The race route was actually gorgeous. We started in Downtown Stuart along the scenic waterfront, ran out to Sewell’s Point, up to the Jensen Beach Causeway, across the Indian River Lagoon to Hutchison Island, down A1A to Stuart Beach, over the Ernest Lyons Bridge down to the southern tip of Sewell’s Point, back the Evans Crary Bridge to Steele Point, passing back through Stuart on East Ocean to the Finish Line.

At the Start: My sister Bethany and good friend Jodee ensured that I arrived on time at the start, fully awake, hydrated, and stretched out. They even stayed to cheer me through the first few miles!

Miles 1-9: I hung with a pace group set to finish in 5 hours and 45 minutes. Unfortunately, once the sun rose fully, the course heated up quickly. With the temps hitting 87F and the heat index somewhat higher, I decided to drop into high/low intervals.

Miles 10-17: I ran high/low intervals. The 5:45 pace group left me behind, and the 6-hour pace group and most of the other turtle runners passed me as well. I was still feeling good, though, and moving at an acceptable clip.

Mile 17: Physical and mental breakdown on the Ernest Lyons Bridge (more on that below).

Miles 17-22: Shambling runs, uneven intervals, lots of shuffling and some fast walks with my hands on my hips. Heat and misery.

Miles 22-24: Mostly walking with a few little bursts of hopeful jogging.

Miles 25-26.2: Jogging again, because walking across the finish line was unacceptable.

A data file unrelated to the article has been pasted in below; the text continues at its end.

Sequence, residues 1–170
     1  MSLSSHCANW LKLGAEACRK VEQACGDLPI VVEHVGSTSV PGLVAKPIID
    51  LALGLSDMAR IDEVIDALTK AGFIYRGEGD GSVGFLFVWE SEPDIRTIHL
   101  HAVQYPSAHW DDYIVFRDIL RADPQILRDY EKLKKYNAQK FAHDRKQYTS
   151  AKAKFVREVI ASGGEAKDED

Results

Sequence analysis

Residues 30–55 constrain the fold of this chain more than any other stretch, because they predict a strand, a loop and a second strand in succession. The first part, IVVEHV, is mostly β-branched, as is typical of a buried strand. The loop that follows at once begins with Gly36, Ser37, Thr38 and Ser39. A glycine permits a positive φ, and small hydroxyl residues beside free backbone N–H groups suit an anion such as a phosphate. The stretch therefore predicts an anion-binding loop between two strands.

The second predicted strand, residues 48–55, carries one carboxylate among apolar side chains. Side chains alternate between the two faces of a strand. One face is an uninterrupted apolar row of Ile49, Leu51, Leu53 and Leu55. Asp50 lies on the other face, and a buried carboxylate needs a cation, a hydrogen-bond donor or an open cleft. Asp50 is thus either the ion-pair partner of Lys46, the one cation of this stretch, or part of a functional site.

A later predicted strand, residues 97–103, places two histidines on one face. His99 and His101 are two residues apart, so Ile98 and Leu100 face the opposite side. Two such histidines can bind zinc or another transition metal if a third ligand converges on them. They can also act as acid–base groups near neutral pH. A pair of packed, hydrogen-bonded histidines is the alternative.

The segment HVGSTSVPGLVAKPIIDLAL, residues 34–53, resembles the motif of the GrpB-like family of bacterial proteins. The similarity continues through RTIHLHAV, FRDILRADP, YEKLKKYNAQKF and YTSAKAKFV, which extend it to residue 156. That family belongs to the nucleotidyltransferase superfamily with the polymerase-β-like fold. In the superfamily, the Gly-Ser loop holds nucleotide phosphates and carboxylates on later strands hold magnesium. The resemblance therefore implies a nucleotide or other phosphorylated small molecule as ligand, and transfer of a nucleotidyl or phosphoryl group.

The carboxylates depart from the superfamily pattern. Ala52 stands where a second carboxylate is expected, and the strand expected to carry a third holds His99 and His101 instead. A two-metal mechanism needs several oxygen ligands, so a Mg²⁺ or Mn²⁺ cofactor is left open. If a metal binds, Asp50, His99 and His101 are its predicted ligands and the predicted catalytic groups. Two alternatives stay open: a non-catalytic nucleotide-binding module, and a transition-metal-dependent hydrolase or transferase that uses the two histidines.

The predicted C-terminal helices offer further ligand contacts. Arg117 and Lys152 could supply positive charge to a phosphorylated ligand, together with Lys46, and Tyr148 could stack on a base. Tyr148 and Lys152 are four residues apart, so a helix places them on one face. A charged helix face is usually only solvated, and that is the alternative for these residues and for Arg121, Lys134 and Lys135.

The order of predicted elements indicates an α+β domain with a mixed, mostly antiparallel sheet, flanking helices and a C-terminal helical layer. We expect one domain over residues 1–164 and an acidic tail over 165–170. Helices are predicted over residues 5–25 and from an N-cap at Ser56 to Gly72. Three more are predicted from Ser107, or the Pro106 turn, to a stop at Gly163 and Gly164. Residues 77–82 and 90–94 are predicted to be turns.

Finish line: Joy and relief! Friends and family! Cold limeade! Ringing the PR Bell!

Vignettes from the Course

High points included lining up at the back of the pack with the rest of the slow-moving party crowd, coming upon a trio of older ladies mid-morning in lawn chairs offering runners scoops of ice to shove down their tops, and arriving at the finish line to discover friends and family holding out hope after the crowds had left and the crew had started shutting things down. (“If they took down the PR bell, we were going to riot!”)

Low points included soaring temperatures, my body pulling a bathroom emergency fakeout in Mile 16, and crying at the top of the Ernest Lyons Bridge in Mile 17.

I believe those two events are related.

The Bridge

By the time I hit Mile 16, I was running out on Hutchison Island, alone without a pace group.

I’d already rounded that bend near the Elliot Museum and was headed toward the double bridges to the mainland. I was running high/low intervals in a hot, airless section with no shade when my body informed me that we needed to find a Porta Potty, pronto!

Feeling pressure to deal with the situation and worried that further running might force the issue, I fell into a fast walk. While the stomach cramping faded within a few minutes, I’d lost my rhythm and drive right before I hit the Ernest Lyons Bridge.

I started up the bridge at a walk, continuing to lose steam as I ascended. The sun pressed down, the air thickened in my lungs, and the impossibility of finishing the race overwhelmed me just as my body gave out. My hands and feet began tingling. Black splotches danced across my line of sight. I swayed on my feet.

In short, I’d hit the wall.